The General Data Protection Regulation (GDPR) is a regulation by which an EU authorities intend to strengthen and unify data protection for all individuals across the European Union. It addresses data protection within EU but also outside, when personal data is exported outside the EU. But what is a personal data which is a subject of GDPR’s protection? According to the GDPR’s definition, personal data means “any information relating to an identified or identifiable natural person (‘data subject’); an identifiable natural person is one who can be identified, directly or indirectly, in particular by reference to an identifier such as a name, an identification number, location data, an online identifier or to one or more factors specific to the physical, physiological, genetic, mental, economic, cultural or social identity of that natural person;”
How does GDPR work?
GDPR comes to life on May 25th, 2018 and implements such terms as “Controllers” and “Processors.” First are to state how and why personal data is processed, while second is who actually handle personal data. What’s essential, GDPR applies even if controllers and processors are based outside the EU if only they collect or process personal data of EU residents. It’s controller’s responsibility to make sure that processor obeys the GDPR and processors have to maintain records of their processing activities.
GDPR also introduces two rights: right to access and right to be forgotten.
Right to access allows people to access any information a company holds on them, together with the information about why that data is being processed, for how long and who is allowed to see it. Personal data can be reviewed, verified and updated.
Right to be forgotten gives people right demand deletion all their personal data once it is no longer necessary, according to the purpose for which it has been collected. People can also withdraw their consent for their data to be collected and processed, what implies that such data has to be erased.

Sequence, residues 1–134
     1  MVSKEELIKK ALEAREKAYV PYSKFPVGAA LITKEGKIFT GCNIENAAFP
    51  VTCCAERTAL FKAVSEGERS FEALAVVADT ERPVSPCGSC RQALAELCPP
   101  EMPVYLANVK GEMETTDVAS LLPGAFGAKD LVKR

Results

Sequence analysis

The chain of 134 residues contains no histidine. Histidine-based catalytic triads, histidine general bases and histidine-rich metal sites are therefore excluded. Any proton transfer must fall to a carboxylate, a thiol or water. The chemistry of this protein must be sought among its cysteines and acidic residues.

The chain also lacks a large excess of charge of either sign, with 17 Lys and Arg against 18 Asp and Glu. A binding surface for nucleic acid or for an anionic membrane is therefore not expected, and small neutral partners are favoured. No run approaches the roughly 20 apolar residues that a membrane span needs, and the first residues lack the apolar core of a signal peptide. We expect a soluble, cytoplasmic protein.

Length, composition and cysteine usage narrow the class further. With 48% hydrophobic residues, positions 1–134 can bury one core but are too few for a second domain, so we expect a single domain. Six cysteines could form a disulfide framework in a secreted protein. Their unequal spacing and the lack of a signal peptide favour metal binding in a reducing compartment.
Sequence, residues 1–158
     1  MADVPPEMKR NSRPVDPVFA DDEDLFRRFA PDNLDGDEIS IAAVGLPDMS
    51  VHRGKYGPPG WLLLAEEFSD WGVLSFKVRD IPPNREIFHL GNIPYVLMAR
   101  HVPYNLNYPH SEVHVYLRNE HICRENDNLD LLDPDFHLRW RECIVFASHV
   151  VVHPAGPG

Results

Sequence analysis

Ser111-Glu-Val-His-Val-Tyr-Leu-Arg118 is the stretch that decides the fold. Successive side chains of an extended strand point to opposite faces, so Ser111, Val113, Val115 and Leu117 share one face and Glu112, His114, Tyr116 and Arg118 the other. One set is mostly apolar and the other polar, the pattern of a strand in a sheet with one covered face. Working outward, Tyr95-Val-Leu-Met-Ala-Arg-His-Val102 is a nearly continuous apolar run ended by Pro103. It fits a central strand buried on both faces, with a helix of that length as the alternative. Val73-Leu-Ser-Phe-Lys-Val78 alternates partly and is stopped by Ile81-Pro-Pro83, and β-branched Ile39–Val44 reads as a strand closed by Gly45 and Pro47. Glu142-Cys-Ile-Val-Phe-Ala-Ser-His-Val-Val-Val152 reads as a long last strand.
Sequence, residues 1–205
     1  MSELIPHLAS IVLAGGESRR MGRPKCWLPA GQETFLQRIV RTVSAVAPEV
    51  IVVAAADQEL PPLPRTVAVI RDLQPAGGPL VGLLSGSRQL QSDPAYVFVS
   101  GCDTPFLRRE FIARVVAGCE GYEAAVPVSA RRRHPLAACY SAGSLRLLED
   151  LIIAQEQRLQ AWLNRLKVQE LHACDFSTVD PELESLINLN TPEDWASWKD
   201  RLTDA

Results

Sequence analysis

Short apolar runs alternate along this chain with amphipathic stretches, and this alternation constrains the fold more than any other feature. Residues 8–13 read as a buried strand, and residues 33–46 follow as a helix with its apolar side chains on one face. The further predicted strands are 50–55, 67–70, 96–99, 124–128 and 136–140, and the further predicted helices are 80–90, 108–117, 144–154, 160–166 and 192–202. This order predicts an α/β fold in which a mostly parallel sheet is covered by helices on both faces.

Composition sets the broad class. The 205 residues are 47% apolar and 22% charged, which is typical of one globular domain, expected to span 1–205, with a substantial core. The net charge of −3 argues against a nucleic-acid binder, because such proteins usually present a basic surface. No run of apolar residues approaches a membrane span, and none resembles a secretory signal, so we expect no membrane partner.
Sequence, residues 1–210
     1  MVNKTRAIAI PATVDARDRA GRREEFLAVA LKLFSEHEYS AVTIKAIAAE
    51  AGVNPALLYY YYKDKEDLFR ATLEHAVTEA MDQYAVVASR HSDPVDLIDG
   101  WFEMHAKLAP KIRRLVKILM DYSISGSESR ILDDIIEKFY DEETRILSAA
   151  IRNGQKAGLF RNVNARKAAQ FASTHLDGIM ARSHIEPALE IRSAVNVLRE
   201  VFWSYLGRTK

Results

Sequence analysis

What else, data has to be stored in commonly used formats, to be quickly moved to another organization once requested by a person and it has to be done within a month.
Assuming that your company is EU based or controls either process personal data of EU residents, you should take a closer look at GDPR. However, there are other criteria yet. If your company is less than 250 employees, there are some exceptions for you. For instance, you are not required to maintain a record of processing activities under its responsibility, unless it’s not occasional or includes certain types of sensitive data.
Directive’s Article 32 delineates the GDPR’s security of processing standards. Under that article, processors and controllers are required to “ensure a level of security appropriate to the risk.” What is appropriate? It’s not well defined, but there are some suggestions what may be considered as “appropriate to the risk.” It includes:
- the pseudonymisation and encryption of personal data
- the ability to ensure the ongoing confidentiality, integrity, availability, and resilience of processing systems and services
- the ability to restore the availability and access to personal data promptly in the event of a physical or technical incident
- a process for regularly testing, assessing and evaluating the effectiveness of technical and organizational measures for ensuring the security of the processing